Worrying decline of UK species - State of Nature Report

Posted by Cain Blythe - CEnv MIEMA MCIEEM MSc BSc (Hons) on 28/05/2013

Recently 25 wildlife organisations collaborated and undertook a stock take of wildlife in the UK. Between these 25 organisations (including high profile organisations such as the RSPB and British Lichen society) they assessed over three thousand species.

Some of the results of the State of Nature Report are quite shocking - it is estimated that over the past 50 years, 60% of the species that were studied showed a decline in numbers and while this is only a small sample of the total number of species in the UK (Currently estimated at around 59,000), it is very likely that this is study is an indication of a worrying trend.

One of the most shocking examples is the turtle dove population, down a massive 93% since 1970. Another serious decline has been in the population of harbour seals on the Scottish coast, down 31% since 1996. Overall beetles and wildflowers are considered the most vulnerable types of species surveyed.

There are numerous reasons that have been given for these declines. Rising temperatures have affected the seasons and this can often make it harder for animals to adapt. This is also true of changing environments such as the removal of hedgerows.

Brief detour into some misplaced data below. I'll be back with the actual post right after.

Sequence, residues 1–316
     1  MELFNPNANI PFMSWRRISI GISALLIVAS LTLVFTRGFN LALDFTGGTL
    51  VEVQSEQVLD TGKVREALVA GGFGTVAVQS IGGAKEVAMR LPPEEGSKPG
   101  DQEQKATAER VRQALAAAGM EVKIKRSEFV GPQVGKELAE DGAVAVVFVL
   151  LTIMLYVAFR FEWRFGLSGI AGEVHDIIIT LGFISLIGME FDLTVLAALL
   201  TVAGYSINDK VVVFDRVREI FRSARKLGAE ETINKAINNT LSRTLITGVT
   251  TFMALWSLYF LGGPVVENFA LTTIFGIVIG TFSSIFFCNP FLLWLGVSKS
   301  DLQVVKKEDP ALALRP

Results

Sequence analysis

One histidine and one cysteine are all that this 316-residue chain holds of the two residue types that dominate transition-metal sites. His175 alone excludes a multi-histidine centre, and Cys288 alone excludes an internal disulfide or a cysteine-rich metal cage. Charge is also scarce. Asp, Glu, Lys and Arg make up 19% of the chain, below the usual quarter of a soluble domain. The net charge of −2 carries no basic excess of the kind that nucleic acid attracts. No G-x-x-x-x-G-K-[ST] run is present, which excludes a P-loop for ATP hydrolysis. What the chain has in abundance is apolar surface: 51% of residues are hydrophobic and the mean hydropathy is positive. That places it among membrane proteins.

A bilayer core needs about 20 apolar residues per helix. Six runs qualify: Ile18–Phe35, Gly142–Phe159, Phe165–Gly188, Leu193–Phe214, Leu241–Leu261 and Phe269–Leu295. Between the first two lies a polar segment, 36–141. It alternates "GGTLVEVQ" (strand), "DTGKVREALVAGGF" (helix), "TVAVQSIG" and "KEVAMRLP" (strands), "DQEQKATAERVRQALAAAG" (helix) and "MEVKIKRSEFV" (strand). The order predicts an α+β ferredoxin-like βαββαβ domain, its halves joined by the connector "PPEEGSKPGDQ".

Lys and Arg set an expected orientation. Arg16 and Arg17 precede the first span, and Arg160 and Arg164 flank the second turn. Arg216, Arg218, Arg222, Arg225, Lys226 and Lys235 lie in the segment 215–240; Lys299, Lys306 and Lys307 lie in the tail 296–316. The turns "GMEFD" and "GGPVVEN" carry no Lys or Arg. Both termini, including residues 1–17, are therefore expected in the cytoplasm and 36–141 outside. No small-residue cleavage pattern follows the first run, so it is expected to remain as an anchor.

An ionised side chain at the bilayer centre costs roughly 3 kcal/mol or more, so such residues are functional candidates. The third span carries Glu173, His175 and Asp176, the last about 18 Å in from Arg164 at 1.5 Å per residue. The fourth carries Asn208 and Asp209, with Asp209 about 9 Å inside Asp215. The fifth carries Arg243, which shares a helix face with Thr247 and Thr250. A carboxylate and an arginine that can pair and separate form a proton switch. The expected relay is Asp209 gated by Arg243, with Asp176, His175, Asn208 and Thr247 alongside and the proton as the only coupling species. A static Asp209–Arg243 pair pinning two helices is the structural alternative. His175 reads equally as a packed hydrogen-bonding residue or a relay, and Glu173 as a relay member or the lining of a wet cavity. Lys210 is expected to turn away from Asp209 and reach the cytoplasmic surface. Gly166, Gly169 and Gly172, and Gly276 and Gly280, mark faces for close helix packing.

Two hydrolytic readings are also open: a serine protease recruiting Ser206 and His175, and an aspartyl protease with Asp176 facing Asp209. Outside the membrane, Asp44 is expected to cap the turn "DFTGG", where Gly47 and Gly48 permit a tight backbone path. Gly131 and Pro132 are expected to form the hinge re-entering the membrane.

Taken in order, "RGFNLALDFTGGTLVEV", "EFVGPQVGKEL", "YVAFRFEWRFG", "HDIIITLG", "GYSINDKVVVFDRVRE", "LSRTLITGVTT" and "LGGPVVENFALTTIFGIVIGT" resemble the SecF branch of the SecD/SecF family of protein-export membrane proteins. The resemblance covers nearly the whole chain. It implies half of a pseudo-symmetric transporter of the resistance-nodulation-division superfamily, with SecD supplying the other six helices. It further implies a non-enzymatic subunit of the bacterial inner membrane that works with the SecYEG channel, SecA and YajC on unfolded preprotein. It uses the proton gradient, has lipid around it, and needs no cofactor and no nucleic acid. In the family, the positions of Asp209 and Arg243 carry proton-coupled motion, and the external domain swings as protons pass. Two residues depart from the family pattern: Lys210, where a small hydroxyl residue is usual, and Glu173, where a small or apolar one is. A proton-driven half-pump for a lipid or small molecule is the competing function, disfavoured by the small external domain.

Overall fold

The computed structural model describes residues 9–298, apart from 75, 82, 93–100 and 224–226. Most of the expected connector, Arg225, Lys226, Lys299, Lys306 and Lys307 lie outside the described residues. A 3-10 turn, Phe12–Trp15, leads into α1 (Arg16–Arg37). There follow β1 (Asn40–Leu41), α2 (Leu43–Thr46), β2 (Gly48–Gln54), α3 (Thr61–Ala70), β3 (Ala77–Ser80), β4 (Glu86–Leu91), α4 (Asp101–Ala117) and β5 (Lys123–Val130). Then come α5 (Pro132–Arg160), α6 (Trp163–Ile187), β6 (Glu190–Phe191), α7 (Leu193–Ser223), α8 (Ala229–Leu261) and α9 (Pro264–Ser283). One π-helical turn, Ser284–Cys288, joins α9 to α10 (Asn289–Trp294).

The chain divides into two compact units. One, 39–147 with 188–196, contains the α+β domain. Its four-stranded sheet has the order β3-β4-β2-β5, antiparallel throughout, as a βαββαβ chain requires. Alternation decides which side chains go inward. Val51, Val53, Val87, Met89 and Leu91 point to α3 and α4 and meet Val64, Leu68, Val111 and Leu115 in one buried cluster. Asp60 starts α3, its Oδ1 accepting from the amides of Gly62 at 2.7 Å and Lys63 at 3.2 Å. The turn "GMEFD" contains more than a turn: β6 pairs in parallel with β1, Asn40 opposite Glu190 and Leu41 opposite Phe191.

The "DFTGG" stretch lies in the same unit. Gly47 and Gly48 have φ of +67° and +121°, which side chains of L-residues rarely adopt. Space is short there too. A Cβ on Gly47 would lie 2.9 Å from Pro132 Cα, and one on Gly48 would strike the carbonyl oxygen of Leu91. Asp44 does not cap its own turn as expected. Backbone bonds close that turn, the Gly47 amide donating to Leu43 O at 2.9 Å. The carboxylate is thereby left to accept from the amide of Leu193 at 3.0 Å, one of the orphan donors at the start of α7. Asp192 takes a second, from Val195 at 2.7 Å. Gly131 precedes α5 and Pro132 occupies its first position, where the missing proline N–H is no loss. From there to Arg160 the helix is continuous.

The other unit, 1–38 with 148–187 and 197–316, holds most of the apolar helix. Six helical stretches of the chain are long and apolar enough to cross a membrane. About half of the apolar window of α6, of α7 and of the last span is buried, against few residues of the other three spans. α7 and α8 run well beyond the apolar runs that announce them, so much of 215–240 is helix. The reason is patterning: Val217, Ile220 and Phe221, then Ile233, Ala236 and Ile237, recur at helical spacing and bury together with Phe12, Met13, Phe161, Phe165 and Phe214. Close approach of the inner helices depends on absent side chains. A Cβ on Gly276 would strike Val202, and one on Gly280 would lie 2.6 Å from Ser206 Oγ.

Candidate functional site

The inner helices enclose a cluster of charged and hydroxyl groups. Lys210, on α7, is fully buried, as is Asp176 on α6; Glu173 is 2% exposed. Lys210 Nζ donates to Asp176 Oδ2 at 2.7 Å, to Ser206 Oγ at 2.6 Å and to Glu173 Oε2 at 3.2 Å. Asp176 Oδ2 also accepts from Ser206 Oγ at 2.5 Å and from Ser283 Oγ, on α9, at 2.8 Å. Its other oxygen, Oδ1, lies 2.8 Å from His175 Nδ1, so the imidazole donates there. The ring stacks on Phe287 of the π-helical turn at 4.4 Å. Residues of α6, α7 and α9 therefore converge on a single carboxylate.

In an attempt to stem the tide of decline, the conservation organisations involved in the project have encouraged members of the public to be involved with monitoring species and to push for better land management by both businesses and members of the public. By being more aware of how we handle the environment and how it affects the plants and animals within it there is the chance to reverse the decline of plant and animal species.

There is also the fact that more survey data is needed, as the study only covered 5% of UK species. Dr Fiona Burns (one of the lead authors of the report) hopes by including more specialised experts they can get a more balanced view of species decline in the UK "[The knowledge gaps] highlight that there are big biases in what we study, what we monitor. If we want to get an idea of the health of the eco-systems and our biodiversity we need to redress that balance."